The negation of Greek particularity

by Antonis D. Papagiannidis

When the story of the corona-virus pandemic of 2020 will be told (we are living through its first stage, don’t be fooled) we will re-discover aspects of the crisis we are missing in the heat of the fight. Nearing full lock-down in Greece and tracking day-by-day the measures taken by the Government – the persuasion campaign undertaken to ensure that “Stay at home!” becomes more than a slogan and the prevailing realities of social distancing – one feels the temptation to compare with decisions and with behavior patterns in other countries.

To start with Italy: lock-down measures have matured to circulation bans in Lombardy/the heavily struck region in northern Italy (not in the unruly South), but a spot-check of mobile phones GPS has shown that almost 40% of people were circulating in far wider circles than one would expect with. Lock-down rules in place.

In disciplined Germany, Chancellor Merkel in person adopted dramatic tones (first having leaked that her solemn Covid-19 address to the people was the first ever in her 15 years in office) to try and dissuade her own countrymen and -women from strolling and sunbathing at the parks – to little avail. People were elbowing each other aside at supermarkets to get access to scarce disinfectants, pasta and toilet paper (in Germany, not in Mediterranean countries…); disinfectant tended to vanish even in academic venues – not all of them closed down.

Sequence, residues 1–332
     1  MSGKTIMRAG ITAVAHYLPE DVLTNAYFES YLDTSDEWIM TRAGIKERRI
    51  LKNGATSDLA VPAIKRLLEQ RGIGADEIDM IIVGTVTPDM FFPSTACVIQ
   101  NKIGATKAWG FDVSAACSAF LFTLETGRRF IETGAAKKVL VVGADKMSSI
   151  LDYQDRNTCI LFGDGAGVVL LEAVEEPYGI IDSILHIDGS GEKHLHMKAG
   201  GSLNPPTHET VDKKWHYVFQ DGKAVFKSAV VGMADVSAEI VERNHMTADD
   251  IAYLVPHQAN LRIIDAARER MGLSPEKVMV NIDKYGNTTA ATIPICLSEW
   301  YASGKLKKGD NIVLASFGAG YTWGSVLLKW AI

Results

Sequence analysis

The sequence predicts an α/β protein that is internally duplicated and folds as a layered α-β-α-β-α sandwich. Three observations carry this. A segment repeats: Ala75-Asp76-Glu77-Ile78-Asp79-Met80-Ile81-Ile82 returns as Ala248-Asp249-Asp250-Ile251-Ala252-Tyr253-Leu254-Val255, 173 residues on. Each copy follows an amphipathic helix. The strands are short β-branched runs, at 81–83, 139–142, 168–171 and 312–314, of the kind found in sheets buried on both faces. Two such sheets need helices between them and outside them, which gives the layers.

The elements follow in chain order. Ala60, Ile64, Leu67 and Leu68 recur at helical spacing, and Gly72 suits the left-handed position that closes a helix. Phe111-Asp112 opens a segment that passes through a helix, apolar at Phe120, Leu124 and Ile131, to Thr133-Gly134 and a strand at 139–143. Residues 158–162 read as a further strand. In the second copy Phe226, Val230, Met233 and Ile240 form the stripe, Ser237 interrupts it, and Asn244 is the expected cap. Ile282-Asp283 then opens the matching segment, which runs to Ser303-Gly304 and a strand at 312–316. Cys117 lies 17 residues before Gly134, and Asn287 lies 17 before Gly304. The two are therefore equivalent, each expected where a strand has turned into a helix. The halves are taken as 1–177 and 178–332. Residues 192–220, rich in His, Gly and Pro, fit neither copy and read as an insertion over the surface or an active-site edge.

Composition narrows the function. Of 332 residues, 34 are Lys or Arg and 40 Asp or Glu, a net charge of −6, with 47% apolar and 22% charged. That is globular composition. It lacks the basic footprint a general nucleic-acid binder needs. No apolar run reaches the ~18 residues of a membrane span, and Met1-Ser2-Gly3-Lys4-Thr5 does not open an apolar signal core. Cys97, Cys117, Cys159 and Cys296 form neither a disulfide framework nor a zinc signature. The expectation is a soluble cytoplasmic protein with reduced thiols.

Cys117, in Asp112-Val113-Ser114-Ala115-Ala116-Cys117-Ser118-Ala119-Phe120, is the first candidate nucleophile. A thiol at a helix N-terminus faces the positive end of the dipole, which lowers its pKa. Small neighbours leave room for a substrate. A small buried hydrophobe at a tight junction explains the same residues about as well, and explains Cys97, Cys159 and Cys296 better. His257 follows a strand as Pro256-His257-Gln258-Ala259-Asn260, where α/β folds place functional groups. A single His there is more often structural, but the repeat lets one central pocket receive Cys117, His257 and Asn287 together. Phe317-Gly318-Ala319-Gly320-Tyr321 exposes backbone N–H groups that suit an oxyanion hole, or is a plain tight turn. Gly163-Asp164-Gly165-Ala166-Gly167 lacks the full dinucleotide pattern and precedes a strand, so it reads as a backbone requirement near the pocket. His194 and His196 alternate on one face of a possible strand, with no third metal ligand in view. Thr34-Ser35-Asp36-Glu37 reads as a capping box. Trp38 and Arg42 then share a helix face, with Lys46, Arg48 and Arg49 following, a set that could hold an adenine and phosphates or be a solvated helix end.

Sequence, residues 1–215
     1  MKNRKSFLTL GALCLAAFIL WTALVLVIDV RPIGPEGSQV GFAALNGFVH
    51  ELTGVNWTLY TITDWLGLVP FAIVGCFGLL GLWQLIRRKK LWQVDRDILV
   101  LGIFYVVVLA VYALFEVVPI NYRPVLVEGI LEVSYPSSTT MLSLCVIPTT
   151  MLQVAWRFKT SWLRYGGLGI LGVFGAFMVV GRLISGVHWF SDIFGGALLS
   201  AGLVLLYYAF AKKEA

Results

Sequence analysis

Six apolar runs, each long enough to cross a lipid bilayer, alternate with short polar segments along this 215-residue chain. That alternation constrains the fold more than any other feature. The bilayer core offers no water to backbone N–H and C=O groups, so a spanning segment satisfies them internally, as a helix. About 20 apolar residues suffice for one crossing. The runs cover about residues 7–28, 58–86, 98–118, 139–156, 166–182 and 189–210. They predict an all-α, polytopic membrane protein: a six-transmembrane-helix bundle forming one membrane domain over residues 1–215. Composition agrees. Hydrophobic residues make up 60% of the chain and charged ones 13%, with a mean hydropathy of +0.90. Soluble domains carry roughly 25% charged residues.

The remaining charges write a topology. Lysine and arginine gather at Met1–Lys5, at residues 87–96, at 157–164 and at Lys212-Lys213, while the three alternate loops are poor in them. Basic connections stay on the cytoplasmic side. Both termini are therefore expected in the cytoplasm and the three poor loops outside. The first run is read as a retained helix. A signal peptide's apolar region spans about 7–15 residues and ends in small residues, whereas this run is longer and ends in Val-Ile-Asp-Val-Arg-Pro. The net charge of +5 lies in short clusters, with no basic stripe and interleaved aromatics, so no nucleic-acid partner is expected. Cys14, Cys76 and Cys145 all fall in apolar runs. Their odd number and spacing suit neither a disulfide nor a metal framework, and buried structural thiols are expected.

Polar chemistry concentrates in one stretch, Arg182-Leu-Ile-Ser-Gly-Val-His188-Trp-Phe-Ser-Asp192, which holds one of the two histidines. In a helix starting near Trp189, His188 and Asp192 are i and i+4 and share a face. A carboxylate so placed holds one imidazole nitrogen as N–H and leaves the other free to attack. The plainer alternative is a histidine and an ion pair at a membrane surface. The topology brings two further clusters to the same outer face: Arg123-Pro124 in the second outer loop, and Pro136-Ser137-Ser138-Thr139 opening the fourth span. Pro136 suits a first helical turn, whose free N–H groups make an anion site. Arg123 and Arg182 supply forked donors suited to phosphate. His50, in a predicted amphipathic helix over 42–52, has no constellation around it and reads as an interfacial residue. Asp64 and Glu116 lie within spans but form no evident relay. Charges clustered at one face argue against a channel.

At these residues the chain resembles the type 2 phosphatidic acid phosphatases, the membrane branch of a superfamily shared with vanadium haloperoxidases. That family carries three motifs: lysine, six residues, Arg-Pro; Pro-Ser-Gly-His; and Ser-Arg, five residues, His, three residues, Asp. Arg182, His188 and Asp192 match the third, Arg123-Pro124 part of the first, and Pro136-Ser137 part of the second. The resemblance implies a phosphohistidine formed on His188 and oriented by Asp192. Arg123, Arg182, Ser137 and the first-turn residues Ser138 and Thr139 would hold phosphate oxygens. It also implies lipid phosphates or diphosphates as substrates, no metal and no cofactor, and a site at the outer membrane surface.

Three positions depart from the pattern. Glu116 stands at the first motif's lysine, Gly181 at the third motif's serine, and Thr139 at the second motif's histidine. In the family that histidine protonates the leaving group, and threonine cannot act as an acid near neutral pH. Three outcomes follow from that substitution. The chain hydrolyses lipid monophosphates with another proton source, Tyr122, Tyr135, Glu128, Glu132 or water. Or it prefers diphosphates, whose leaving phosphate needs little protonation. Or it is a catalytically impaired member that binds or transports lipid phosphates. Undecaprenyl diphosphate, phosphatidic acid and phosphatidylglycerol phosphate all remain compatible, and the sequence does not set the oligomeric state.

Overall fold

In the UK, where official policy tried at first to go the way of “herd immunity” but officials lost their nerve after little more than one week and shifted towards the continental model of selective lock-downs, supermarkets became battlegrounds; the angst of the nurse weeping because she could not stop for essentials once her shift was over went viral, but appeals to the community to behave more rationally (and leave some room to NHS people to keep fighting the virus) went unheeded.

Overall, in countries where social distancing was already the rule rather than the exception crisis measures seemed to bite with delay. Also, whenever shopping is traditionally at a just-in-time basis (buying for tomorrow’s lunch or dinner) the rush to stock-pile caused important disruption to retail chains.

So, while in Greece we do have a tendency to lament our lack of discipline and our tendency to over-react in crisis situations, maybe we are not so far from the “European” norm. Of course Chinese, South Korean and Taipei lock-down (and enforcement…) practices are far more drastic – and thus effective. But, be honest: would one really go that way?